The Baba Ghanoush Curtain

While Dan and Lana Wright’s Abigail Street has been riffing heavily on Mediterranean cuisine since 2011—the two met working at Chicago’s Souk in 2003—the Middle Eastern restaurant scene has blossomed, sometimes in unlikely parts of town. Here’s why:

Immigration: Tylersville Road has a thriving Middle Eastern community, and foot traffic near the Clifton Mosque is so dense during Friday prayers that police officers direct traffic. Both neighborhoods have multiple restaurants that feature harira—a traditional Moroccan tomato-lentil soup—and Marrakech Moroccan Café’s is a favorite.

CM_MAY15_DINE_MR_Pontiac2
Marrakech Moroccan Café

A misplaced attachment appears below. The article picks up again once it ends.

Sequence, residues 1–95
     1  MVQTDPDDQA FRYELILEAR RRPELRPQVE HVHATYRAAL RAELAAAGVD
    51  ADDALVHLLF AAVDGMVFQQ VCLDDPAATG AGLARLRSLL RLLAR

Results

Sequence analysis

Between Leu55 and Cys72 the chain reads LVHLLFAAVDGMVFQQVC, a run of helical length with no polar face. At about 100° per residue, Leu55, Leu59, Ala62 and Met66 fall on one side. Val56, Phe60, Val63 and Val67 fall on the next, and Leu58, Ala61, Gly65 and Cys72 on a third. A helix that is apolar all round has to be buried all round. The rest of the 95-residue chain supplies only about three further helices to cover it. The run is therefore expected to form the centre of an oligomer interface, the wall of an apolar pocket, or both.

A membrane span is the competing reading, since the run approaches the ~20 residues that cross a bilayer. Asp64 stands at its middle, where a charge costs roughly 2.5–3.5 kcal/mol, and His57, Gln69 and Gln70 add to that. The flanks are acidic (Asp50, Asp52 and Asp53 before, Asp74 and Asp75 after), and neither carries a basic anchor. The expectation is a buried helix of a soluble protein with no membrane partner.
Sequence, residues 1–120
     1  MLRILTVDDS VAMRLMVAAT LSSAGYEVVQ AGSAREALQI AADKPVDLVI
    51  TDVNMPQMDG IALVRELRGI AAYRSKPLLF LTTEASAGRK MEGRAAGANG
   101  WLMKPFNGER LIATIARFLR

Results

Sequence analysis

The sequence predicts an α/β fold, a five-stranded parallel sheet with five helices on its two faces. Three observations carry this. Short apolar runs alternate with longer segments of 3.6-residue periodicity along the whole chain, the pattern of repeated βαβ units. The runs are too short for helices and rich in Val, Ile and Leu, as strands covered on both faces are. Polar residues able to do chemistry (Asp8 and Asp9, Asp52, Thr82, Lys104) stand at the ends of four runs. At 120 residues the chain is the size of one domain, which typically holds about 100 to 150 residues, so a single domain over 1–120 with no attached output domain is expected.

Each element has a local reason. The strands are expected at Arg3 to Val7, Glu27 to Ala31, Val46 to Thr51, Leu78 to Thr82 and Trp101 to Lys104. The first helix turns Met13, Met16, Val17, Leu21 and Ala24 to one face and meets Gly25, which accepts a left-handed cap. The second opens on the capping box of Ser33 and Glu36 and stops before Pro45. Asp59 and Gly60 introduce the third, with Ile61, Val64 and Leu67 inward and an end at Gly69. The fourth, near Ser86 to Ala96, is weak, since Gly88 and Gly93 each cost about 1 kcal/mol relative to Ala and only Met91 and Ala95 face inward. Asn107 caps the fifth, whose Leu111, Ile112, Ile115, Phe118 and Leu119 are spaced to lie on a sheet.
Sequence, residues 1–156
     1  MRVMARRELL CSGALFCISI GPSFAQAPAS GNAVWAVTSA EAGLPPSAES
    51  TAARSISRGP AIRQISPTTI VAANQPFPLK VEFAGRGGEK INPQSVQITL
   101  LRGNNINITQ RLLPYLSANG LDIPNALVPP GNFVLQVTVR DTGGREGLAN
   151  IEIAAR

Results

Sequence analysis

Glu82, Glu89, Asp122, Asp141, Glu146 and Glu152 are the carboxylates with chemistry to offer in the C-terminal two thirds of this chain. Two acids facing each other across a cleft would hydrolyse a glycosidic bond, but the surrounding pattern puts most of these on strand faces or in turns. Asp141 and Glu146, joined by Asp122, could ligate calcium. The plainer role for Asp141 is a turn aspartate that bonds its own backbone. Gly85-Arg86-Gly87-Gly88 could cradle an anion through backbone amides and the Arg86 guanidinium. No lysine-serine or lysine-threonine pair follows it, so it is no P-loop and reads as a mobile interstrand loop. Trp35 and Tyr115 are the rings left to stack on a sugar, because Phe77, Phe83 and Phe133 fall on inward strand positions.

Photograph by Jeremy Kramer

Availability: The dishes may have unfamiliar names, but the ingredients are ubiquitous (think parsley, tomato, and lemon). Head to Mason’s Phoenician Taverna for insanely fresh-baked pita with an order of muhammara—a mysterious walnut dip laced with cumin and a mince of red bell pepper.

Sampler Platter
Phoenician Taverna’s Sampler Platter

Photo by Ryan Kurtz

Cheap, Cheap: Not only are the ingredients easily available, they’re also budget-friendly. Wright freely admits to buying spices in 10-pound bags, while our secret weapon is the $3 falafel lunch special at the Al-Madina Market in Corryville.

Communal Dining: The surest bets are always the cold appetizer sampler and the mixed grill. Haci Grill’s creamy carrot tarator is the cold mezze star of West Chester. And chef Comert Ardic’s mixed yogurt kebabs—chicken, lamb, and beef—are priced for three, but easily feed four.

Haci's kebabs
Haci’s kebabs
Hummus sampler
Haci’s Hummus sampler

Photographs by Jeremy Kramer

Facebook Comments